Heh. Even better than the obvious gag here is that the costume designs Darick Robertson tossed off for this joke cover are better than most of what we've seen in the DC Reboot and Marvel NOW combined. Seriously. Embiggen that thing and check 'em out before flushing.
It's nice to have Robertson back for this final issue, by the way. Russ Braun was an able replacement who really made the book his own the last few years. But Robertson's departure due to contractual issues with DC was the sort of sad professional circumstance you most hate to see, so I'm glad he got to draw the finale.
Alright. So we've had our joke and we've had our weepy farewell. Now it's down to the questions that matter: Was this finale any good? Did any remaining loose ends get tied up? Did the series' themes dovetail together, or just slap flaccidly into each other? To answer briefly: yes, yes, and... uhm... not... flaccidly... at all? Hrm.
Never mind. It was good.
Ennis does spend most of the issue tying things up. There's a long-time-coming revenge scene, for instance, and it features the trademark Boys filth. But in a surprise move, the filth is not visual but verbal, with some of the foulest language I've ever read in a funnybook. Mostly, though, this issue features a surprisingly confident Hughie wrapping up The Boys' business, and--
Actually, let me back up. I don't think Hughie's confidence is really very surprising at all. When you look back over the series, what you see is a shell-shocked Hughie not being given a chance to truly grieve for his murdered girlfriend, getting pulled into a life he never knew, and from that point on being constantly kept off-balance by a deceptively subtle manipulator. But outside Butcher's sphere of influence, Hughie is something of a dominant personality. He's the leader of his gang of childhood friends back home, and takes on something of a big brother role with more than one hapless young supe. So it seems kind of natural that he'd grow into a confident player once Butcher was out of the way.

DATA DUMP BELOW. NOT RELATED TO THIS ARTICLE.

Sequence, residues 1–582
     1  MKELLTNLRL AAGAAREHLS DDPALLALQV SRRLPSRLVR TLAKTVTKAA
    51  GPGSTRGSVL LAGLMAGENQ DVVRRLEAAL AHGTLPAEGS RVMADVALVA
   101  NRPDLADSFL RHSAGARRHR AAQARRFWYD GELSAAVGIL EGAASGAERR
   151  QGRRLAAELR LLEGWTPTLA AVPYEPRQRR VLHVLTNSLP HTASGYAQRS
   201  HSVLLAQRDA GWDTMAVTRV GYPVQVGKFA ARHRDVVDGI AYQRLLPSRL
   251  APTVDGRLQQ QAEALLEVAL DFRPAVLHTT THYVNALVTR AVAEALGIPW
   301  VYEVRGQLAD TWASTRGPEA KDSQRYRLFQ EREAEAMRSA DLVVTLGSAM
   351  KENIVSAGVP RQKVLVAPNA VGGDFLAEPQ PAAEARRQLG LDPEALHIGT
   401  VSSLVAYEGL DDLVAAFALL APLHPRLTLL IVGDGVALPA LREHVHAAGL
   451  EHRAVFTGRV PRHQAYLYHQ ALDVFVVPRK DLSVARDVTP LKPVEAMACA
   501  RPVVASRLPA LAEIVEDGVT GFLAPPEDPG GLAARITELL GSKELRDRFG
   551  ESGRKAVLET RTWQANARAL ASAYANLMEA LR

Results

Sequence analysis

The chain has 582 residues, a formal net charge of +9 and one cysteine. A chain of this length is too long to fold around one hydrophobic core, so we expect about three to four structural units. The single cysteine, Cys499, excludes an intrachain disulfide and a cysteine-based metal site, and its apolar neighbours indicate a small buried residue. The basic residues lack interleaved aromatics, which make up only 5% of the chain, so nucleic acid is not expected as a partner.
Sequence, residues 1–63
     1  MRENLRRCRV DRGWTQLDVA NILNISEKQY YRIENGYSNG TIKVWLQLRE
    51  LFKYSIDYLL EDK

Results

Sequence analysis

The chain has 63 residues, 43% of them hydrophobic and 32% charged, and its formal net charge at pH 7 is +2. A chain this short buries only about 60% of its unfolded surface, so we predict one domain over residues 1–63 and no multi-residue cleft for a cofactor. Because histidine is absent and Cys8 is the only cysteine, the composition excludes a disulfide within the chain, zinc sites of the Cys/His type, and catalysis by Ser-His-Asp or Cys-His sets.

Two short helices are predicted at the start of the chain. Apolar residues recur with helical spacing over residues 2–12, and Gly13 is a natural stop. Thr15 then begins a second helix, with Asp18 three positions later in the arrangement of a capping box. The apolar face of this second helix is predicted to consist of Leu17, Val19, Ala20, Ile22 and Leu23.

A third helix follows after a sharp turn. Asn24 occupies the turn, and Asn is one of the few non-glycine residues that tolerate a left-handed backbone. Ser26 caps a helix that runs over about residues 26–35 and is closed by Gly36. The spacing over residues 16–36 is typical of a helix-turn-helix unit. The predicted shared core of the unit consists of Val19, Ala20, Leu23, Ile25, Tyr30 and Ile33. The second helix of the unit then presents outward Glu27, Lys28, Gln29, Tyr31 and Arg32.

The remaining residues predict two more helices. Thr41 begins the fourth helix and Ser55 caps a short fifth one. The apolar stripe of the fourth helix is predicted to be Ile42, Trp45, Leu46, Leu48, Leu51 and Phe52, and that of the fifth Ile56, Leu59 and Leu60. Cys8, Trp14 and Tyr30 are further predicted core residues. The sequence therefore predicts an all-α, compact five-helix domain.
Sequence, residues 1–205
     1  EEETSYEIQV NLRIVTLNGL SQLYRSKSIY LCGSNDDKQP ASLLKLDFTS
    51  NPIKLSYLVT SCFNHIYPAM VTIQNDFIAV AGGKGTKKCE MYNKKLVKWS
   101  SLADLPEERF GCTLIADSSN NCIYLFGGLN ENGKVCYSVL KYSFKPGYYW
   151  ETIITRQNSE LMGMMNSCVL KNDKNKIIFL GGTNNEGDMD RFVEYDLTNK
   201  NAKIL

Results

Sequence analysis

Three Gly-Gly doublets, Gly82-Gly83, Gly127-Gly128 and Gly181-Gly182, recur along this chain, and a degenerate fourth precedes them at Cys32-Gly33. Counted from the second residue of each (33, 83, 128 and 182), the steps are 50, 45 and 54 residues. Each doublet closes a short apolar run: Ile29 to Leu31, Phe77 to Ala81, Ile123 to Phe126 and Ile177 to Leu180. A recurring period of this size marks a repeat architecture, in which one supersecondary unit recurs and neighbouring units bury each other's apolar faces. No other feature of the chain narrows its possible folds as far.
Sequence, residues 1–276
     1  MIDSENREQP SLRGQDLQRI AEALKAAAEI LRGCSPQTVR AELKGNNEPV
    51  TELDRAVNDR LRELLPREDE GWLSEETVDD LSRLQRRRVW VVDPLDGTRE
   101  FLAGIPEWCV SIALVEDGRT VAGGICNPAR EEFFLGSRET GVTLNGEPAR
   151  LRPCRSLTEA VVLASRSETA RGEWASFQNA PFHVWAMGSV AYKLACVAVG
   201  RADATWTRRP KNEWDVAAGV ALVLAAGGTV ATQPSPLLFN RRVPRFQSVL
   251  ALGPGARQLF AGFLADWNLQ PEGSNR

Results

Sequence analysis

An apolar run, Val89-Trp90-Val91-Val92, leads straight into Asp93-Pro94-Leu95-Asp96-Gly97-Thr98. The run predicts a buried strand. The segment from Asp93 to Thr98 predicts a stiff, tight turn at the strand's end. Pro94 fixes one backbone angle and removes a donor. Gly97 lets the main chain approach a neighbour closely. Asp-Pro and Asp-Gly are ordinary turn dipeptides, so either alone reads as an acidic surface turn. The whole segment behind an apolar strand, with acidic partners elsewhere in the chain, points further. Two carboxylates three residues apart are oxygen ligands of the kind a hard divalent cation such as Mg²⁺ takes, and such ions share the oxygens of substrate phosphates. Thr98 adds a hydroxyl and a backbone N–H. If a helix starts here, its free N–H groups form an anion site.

The best example of this is in Hughie's meeting this issue with The Man From Vought. I won't spoil the details of their encounter, but Hughie holds his own against the scariest character in the series, and even asks the question we've all wanted to hear from day one:
I'm still torn on whether I like that answer or not. I mean... It's the only answer that matters, really. Who The Man From Vought is and where he came from is irrelevant. It's what he represents that's important, and Ennis certainly tells us that as plainly as he possibly could. It's just maybe a little too plain for my taste. A little too on-the-nose. Theme made flesh.
Of course, Ennis does put the lie to this confrontation later in the issue, as The Man From Vought suffers a very quiet corporate breakdown due to this next scene. Vought-American was disgraced by the meltdown of the Seven, but they've regrouped and rebranded, and The Man From Vought is now The Man From American Consolidated. Their days of military contracts are over, but there's still supes, and still money to be made off them. Returning to headquarters after his encounter with Hughie, The Man meets with his development team, who present him with an all-new group of supes who aren't exactly new and clearly aren't up to snuff. Which leads to the following exchange, and Ennis' real final word on super heroes:
"The same old shit dressed up." Ouch. It's like DC and Marvel did their respective reboots just to give Ennis a slam-dunk finish...
Of course, the real heart of The Boys doesn't lie with the satire, but with the characters. And Ennis delivers on that front, too. The key relationship in the series, for me, was the one between Hughie and Annie January. And to discuss this any further would be the kind of SPOILER I prefer to avoid, so I'm putting the rest of this discussion behind the jump. Seriously, I'll be posting the series' final page on the other side of this break, so only keep going if you really wanna see...
Okay, so: Hughie and Annie. Garth Ennis can sometimes conjure devastatingly real relationships, and this was one of them: a perfect (and thus hopelessly impossible) love affair between two of the most likeable fictional characters you could ever want. They had their flaws and made their mistakes, of course, and Ennis long ago drove a wedge between them that he spent months tapping slowly into place until the relationship broke. But if you weren’t still rooting for them… I’m sorry, but you have no soul.
Anyway. To my mind, the salvation of The Boys’ fallen world has always rested in this relationship. If Hughie and Annie couldn’t make things work in the end, then the series would be a very dark statement indeed. But considering that it ends with this…
…I think you can guess where it all came down.